What is a decision model

A decision model is a formal procedure for determining which action to take. This might be a personal task, involve teams of people in a business, or even a national population. Decision models are often, but not always, algorithmic in nature. Decision Theory is an academic rabbit hole all too easy to disappear into, with warrens tunnelling under the fields of neuroscience, philosophy, computer science, social engineering and many others.

I’m interested in why decision models are important, now and in the unfolding future.

In a recent report by Thinkers50 and the European Centre for Strategic Innovation, they concluded (my emphasis): Rolling out AI enterprise-wide requires every organisation to develop a judgment protocol, a system that legitimises the exercising of judgment within a company across all levels — and one that will change the century-old “command and control” philosophy that many companies still use to make decisions.

Decision models are everywhere

Our lives are, of course, influenced by a variety of decision models.

Many aspects of our personal finance are governed by decision models. When your payment card is blocked while overseas on holiday, that’s down to an algorithmic decision model. The fact that the model didn’t spot the series of payments leading to the airport just shows how unsophisticated some decision models still are.

Loan and mortgage approvals pass through decision models too. An extreme application for them is in high-frequency trading on the stock market. What to buy/sell and at what price and volume. In venture capital, reportedly, when GV staff want approval to make a new investment, they defer to something called “The Machine”, an algorithmic decision model.

If you’ve seen or read Moneyball you’ll know how the Oakland Athletics baseball team benefited from a data-driven decision model suggesting which players to invest in.

Decision models are everywhere. You’re probably using some personally on a regular basis. Even if you’re not consulting a mental version of the Eisenhower Matrix on an hourly basis, using the model to compare urgency vs importance, I bet you know someone who is. I know for a fact many of the people in my industry employ de Bono’s Six Thinking Hats almost religiously. Even flipping a coin or spinning a wheel of fortune are decision models.

If you’re at risk of analysis paralysis, I recommend having a look at NOBL’s decision reference tool, or The Decision Book, which may help you decide how to decide.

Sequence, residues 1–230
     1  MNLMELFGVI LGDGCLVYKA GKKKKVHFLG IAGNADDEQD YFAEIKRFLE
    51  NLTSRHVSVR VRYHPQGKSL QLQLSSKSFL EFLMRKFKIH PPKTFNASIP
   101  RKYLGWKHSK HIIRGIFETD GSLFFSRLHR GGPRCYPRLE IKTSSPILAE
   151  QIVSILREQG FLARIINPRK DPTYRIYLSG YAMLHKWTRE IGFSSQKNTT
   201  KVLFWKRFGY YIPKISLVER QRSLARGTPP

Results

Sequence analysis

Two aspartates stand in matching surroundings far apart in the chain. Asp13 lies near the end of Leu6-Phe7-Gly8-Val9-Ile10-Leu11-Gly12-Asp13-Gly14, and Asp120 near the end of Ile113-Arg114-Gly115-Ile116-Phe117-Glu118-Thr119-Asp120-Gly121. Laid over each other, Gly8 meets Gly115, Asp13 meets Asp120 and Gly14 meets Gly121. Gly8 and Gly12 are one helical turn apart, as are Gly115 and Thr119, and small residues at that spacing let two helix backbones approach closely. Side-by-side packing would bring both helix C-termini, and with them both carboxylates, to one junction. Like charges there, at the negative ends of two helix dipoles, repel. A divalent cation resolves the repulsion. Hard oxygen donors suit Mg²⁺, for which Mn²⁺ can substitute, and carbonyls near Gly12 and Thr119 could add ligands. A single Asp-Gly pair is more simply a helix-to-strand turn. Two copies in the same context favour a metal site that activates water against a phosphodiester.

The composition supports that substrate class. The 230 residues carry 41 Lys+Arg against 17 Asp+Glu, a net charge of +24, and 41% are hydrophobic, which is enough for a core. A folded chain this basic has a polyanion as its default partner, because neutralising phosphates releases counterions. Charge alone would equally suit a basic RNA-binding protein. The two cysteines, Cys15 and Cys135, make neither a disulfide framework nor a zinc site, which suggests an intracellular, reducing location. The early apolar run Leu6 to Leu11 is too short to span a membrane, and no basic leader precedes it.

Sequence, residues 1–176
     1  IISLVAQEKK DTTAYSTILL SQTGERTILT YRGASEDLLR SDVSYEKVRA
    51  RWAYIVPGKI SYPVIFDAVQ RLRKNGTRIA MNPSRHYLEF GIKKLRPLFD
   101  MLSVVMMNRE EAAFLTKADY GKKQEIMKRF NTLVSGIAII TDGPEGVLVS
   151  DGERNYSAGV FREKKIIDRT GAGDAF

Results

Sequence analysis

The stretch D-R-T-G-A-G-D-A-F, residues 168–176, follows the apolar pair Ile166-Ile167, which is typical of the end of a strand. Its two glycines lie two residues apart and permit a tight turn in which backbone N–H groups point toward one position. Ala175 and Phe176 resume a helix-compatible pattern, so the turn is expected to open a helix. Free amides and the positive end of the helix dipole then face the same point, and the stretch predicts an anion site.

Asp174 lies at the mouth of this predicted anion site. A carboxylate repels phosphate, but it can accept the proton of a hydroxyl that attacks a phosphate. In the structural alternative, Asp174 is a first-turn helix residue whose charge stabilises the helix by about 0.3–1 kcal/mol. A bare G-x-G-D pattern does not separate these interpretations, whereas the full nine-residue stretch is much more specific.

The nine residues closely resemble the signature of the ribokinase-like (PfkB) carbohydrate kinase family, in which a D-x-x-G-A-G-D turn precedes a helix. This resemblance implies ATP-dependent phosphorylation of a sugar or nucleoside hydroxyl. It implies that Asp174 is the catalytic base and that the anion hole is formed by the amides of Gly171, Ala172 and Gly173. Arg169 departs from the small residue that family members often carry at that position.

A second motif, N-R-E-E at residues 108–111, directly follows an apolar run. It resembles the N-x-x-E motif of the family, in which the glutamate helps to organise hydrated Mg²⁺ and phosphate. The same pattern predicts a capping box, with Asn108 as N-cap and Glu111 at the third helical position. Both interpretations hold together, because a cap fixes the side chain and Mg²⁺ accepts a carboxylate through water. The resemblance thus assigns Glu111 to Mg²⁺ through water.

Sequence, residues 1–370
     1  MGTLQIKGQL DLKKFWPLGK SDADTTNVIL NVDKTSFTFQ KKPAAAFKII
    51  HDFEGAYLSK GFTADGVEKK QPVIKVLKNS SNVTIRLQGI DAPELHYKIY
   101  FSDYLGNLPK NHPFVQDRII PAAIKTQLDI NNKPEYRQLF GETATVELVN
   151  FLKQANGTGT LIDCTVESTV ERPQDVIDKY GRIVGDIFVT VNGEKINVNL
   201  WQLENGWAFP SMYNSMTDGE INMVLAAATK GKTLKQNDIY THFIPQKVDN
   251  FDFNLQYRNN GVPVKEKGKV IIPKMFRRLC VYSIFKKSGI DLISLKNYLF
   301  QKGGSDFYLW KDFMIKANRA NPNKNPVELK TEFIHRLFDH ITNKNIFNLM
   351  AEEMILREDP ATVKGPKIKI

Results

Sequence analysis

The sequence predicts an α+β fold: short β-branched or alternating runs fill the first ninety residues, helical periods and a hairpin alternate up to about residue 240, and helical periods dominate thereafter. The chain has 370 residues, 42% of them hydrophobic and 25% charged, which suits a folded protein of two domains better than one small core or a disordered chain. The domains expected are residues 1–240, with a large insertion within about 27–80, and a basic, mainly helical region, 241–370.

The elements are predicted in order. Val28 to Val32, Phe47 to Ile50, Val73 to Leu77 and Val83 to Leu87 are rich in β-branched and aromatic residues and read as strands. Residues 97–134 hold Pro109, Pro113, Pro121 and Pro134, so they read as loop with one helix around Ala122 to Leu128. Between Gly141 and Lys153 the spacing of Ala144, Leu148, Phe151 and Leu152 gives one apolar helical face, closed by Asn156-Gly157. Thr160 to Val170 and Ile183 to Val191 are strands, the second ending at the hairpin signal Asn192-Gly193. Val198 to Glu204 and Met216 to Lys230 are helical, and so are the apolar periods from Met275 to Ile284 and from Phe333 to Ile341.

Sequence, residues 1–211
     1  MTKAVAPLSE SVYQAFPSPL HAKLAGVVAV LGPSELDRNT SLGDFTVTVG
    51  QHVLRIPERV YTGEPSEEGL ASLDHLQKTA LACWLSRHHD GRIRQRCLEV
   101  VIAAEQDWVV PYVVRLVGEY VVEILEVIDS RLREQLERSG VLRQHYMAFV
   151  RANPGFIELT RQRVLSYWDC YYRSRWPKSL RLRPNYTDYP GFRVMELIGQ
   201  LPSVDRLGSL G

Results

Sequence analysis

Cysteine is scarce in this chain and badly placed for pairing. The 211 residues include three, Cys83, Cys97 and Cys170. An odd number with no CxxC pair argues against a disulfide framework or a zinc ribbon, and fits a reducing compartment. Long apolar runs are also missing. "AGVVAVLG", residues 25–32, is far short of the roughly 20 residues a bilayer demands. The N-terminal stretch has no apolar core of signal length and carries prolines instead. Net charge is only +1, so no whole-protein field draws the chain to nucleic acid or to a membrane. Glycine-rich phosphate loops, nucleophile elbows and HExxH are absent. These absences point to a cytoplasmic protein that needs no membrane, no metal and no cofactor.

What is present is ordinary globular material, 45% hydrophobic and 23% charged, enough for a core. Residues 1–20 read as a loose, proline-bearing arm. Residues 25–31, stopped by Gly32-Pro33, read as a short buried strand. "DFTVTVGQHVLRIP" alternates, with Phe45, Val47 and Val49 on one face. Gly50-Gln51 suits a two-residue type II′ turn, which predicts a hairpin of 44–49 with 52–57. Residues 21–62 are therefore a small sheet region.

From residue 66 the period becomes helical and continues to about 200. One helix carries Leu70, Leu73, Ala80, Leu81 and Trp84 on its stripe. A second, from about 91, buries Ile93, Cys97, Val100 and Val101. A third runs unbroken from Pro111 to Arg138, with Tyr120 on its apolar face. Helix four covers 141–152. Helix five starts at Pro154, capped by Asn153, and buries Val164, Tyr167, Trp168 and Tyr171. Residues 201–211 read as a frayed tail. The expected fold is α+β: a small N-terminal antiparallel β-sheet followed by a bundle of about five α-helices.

Why are they proliferating?

Decision models may be increasing in popularity for a number of reasons.

Research in the fields of neuroscience and behavioural economics continues to provide evidence that human beings are actually pretty poor at making decisions. We are irrational, as much as we might think we’re not. As Damásio says: We are feeling machines that think, not thinking machines that feel.

Also, we are prone to a set of biases. One might argue that it is impossible for a human to be truly objective about anything. Neither irrationality nor bias are conducive to good decision-making. Decision models can help.

Uniquely for our time, we are also “blessed” with vast quantities of data to inform our decision-making. While “information overload” has been a popular term for almost 50 years, Alvin Toffler couldn’t have foreseen in 1970 the utter vastness of the data-sphere we now inhabit. Increasingly sophisticated algorithms are, however, starting to make data-driven decision models more practical.

The issue of trust

Which leads me to the issue of trust. Some algorithmic decision models are biased too. It may be an over-simplification to say that humans transfer their biases into the algorithms, either naively during initial creation, or via exposure to the biases present in the huge human-created data sets they operate on. Who gets that loan, who is selected for interview, who gets a high score during assessment, who is granted parole, etc.

One problem with algorithmic decision models is they are often a Black Box. Totally opaque, the reasoning behind a given decision is closed and mysterious. It’s Black Box decision models that gave rise to the “Computer says no” catch phrase on sketch comedy Little Britain. It’s hard to trust a model where the decision-making process is totally hidden.

A transparent approach, a Glass Box, where we can see the inner workings of the model would seem more trustworthy. However, given the complexity of even simple algorithms, would we be able to understand what’s actually going on? Recent research by René Kizilcec at Stanford suggests that trying to make modern algorithmic models transparent is a fools errand. The transparency can even backfire, generating even more distrust.

Decision models neither totally transparent nor opaque appear to be the most trusted. We might call this sort of model a Translucent Box, such as The N2D Method ® by Subsector. Judgement Protocols, if aimed at legitimising the exercise of judgment within a company at all levels, require simple translucent decision models for teams in order to maximise trust.